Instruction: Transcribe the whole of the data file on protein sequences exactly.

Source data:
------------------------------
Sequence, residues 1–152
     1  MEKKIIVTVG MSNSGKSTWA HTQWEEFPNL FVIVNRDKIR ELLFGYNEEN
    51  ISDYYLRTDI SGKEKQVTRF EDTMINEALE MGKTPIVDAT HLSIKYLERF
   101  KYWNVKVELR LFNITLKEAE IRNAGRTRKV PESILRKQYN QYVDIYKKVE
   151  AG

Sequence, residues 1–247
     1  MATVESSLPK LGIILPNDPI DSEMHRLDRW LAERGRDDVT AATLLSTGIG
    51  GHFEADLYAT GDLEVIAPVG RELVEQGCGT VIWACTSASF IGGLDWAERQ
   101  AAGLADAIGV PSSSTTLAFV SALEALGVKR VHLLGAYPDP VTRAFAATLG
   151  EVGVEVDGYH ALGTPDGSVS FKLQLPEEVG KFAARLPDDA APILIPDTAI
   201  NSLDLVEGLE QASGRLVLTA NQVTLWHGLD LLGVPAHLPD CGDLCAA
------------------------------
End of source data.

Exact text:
Sequence, residues 1–152
     1  MEKKIIVTVG MSNSGKSTWA HTQWEEFPNL FVIVNRDKIR ELLFGYNEEN
    51  ISDYYLRTDI SGKEKQVTRF EDTMINEALE MGKTPIVDAT HLSIKYLERF
   101  KYWNVKVELR LFNITLKEAE IRNAGRTRKV PESILRKQYN QYVDIYKKVE
   151  AG

Sequence, residues 1–247
     1  MATVESSLPK LGIILPNDPI DSEMHRLDRW LAERGRDDVT AATLLSTGIG
    51  GHFEADLYAT GDLEVIAPVG RELVEQGCGT VIWACTSASF IGGLDWAERQ
   101  AAGLADAIGV PSSSTTLAFV SALEALGVKR VHLLGAYPDP VTRAFAATLG
   151  EVGVEVDGYH ALGTPDGSVS FKLQLPEEVG KFAARLPDDA APILIPDTAI
   201  NSLDLVEGLE QASGRLVLTA NQVTLWHGLD LLGVPAHLPD CGDLCAA